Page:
Earth and sky: I enjoyed this CNN photo gallery of the eclipse and people watching it nationwide.

Amy's notebook: Dems & enviros nearing total eclipse

Amy Harder reports . . .

Environmental groups are increasingly going outside their sandbox of policies and issuing statements backing other Democratic causes, such as opposing the repeal of former President Obama's healthcare law.

Why it matters: The trend shows how the polarization occurring in America under the leadership of President Trump is causing political alliances to polarize even more. Environmental groups have traditionally backed Democrats much more than Republicans, but now they're doing so on issues not core to their stated missions. All progressive interest groups want to resist Trump, even if the issue du jour is unrelated to their causes.

Between the lines: Environmental groups are looking more and more like an extension of the Democratic Party instead of their own political category.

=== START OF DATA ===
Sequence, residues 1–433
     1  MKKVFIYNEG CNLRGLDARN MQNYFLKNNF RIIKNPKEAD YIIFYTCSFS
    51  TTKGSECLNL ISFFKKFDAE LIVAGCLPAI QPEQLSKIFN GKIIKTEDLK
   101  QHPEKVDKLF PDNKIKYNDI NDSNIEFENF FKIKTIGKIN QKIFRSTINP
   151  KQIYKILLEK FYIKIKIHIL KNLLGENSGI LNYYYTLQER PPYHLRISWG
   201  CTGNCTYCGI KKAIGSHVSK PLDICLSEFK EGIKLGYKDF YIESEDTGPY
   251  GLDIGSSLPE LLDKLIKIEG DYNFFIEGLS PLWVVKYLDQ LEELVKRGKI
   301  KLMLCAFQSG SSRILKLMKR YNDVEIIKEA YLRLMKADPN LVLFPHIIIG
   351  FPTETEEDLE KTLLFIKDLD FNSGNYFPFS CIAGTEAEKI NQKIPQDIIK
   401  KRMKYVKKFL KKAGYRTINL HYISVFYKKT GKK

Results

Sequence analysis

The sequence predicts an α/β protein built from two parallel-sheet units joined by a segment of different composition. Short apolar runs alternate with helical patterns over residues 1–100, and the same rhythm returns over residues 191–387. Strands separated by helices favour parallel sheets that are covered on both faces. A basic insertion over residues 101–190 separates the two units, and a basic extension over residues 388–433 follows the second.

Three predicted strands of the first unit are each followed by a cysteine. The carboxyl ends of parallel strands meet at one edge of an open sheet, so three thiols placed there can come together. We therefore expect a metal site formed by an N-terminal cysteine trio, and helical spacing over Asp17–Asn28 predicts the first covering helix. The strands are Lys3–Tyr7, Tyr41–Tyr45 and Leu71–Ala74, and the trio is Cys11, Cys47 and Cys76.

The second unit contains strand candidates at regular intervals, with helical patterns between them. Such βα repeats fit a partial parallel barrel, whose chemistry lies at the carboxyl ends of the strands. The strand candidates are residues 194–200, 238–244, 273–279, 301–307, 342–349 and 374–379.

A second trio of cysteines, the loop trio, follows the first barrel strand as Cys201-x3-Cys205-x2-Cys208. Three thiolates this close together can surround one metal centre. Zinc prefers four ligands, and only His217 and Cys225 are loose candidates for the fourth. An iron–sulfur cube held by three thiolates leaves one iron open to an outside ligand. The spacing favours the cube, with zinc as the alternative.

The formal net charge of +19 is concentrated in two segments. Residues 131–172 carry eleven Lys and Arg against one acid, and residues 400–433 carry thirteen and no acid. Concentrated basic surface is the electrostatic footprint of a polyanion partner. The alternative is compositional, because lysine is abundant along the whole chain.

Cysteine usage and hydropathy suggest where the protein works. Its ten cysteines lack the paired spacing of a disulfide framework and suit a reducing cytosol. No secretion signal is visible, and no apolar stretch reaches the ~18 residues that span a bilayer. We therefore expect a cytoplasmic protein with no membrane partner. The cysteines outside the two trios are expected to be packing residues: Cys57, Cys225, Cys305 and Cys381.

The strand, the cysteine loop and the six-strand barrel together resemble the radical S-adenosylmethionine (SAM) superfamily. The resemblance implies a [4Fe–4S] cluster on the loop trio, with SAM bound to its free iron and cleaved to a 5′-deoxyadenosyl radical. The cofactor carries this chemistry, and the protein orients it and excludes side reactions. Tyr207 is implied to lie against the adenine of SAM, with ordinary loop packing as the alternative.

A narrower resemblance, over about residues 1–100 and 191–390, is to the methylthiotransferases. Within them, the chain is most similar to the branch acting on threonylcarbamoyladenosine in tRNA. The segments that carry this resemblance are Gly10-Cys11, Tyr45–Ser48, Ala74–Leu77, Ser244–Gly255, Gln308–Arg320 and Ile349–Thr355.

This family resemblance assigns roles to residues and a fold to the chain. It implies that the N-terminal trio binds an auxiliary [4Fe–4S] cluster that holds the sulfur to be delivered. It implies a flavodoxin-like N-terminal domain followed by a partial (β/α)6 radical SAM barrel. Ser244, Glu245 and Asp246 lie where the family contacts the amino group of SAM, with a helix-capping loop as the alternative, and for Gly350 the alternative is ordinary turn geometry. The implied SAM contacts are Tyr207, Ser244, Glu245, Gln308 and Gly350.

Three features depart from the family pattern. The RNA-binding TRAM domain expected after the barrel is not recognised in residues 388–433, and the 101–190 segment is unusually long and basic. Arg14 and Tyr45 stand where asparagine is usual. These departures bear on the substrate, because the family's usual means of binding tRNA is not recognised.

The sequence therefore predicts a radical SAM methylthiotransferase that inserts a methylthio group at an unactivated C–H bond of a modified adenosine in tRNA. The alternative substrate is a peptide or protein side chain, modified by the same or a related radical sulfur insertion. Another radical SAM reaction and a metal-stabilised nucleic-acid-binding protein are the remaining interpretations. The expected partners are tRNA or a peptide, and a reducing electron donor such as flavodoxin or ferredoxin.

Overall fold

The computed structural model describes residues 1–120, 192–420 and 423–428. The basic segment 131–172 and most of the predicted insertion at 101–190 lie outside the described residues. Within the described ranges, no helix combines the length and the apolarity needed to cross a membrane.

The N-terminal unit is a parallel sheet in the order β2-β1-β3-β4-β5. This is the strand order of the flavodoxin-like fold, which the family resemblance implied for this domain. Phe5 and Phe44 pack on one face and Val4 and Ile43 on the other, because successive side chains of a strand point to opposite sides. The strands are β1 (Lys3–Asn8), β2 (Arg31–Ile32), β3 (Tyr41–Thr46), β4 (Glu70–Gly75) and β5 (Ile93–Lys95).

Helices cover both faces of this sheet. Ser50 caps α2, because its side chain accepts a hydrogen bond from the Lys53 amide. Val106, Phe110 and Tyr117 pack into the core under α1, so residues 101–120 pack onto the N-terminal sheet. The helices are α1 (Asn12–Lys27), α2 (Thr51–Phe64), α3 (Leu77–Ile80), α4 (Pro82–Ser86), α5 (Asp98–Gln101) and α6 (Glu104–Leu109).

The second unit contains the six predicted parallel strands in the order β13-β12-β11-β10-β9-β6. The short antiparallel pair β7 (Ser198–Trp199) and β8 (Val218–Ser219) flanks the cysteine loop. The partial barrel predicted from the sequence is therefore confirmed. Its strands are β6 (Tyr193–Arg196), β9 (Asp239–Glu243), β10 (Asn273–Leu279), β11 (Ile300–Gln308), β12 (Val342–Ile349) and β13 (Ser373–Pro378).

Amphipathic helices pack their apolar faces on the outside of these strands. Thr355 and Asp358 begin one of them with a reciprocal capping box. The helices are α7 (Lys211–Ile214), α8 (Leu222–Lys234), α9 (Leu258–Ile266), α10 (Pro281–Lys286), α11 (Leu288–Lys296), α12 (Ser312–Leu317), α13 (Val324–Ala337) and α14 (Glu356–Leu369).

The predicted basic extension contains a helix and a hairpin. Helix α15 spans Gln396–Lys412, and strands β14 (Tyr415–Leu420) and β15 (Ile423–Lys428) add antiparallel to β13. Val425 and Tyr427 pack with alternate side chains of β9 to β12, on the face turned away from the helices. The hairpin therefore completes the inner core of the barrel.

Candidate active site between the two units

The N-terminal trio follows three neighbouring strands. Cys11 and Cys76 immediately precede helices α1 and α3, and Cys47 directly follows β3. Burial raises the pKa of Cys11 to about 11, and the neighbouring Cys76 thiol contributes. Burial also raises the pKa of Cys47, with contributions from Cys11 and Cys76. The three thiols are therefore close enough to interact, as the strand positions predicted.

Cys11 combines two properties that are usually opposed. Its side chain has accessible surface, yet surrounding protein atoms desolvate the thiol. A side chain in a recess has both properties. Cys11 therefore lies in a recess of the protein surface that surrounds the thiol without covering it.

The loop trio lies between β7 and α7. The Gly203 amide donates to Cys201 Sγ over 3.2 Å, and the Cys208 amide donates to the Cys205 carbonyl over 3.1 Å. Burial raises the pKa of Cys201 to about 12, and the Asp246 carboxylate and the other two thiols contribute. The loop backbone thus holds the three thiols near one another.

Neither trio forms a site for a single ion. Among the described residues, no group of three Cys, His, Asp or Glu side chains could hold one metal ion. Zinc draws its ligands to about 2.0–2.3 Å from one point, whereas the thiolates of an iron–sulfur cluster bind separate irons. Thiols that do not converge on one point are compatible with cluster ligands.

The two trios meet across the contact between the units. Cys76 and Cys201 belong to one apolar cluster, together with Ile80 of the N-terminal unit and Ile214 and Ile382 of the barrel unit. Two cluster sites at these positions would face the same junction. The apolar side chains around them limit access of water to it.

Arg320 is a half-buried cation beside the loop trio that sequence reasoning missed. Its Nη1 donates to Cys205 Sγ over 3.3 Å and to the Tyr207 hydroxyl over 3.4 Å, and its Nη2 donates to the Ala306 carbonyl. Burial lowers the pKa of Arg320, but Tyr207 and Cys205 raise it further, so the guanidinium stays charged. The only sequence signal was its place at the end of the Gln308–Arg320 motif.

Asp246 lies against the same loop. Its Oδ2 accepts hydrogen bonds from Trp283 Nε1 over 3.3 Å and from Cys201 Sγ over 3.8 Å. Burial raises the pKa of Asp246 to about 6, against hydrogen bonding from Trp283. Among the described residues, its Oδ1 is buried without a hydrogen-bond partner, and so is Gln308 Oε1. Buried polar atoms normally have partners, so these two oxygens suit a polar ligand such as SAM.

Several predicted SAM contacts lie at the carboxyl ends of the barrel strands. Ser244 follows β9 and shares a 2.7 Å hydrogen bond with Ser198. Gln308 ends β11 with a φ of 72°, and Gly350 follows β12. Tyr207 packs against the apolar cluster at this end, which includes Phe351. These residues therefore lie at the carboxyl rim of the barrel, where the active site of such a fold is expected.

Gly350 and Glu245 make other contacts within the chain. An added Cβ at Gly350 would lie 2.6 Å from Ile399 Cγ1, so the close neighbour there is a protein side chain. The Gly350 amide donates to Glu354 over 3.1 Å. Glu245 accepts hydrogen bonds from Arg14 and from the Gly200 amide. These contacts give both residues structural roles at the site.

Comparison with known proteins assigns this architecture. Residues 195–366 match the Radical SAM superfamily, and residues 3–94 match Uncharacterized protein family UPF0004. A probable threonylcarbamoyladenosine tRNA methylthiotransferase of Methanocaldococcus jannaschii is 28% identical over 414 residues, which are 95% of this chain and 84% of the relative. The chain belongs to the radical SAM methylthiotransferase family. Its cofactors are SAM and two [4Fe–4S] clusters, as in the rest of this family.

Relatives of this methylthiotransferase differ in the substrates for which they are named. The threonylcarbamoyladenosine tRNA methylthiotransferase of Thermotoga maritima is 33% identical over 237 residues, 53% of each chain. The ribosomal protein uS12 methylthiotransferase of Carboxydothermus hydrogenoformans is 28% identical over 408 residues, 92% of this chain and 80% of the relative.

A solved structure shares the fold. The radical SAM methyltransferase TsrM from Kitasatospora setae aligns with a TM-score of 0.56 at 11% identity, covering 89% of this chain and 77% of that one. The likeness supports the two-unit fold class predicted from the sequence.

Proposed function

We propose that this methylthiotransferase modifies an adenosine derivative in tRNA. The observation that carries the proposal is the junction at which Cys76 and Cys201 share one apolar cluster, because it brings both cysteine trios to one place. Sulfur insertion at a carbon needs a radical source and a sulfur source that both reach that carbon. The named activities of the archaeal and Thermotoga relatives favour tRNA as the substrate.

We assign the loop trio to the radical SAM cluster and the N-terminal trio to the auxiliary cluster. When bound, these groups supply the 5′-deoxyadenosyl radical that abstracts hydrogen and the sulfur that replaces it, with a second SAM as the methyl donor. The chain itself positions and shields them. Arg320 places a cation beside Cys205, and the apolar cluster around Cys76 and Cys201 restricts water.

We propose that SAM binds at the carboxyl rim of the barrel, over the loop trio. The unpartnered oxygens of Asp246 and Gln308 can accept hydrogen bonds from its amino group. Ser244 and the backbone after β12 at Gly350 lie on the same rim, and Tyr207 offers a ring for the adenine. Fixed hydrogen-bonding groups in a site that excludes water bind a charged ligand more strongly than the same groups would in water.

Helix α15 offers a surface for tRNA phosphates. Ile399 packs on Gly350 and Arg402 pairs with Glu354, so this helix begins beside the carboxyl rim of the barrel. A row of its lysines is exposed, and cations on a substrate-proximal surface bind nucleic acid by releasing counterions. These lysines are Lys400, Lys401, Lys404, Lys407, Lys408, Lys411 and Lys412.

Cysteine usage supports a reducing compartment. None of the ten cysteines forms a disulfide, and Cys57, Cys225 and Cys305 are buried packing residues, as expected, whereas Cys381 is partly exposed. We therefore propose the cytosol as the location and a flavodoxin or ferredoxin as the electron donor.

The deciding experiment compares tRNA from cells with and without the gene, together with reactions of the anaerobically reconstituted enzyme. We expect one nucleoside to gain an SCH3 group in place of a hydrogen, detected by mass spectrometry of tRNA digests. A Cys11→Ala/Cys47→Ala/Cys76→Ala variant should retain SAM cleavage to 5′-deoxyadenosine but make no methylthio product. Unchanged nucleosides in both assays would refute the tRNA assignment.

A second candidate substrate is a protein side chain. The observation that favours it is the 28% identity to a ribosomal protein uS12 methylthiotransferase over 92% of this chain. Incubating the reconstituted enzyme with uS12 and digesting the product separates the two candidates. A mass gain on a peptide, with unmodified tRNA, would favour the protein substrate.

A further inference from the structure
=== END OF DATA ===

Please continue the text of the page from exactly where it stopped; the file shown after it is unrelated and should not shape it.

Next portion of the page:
What's next: One sign of whether this trend is lasting will be whether the League of Conservation Voters considers congressional votes on the healthcare law as part of its annual scorecard, which is released publicly toward the beginning of each year. LCV hasn't scored something like that before. In the past, it has considered votes on family planning, in an implicit nod to over-population's impact on the environment, and campaign finance reform, which has an impact on the energy and environment debate because money drives politics and policies of all stripes.

Lithuania challenges Russia with U.S. gas buy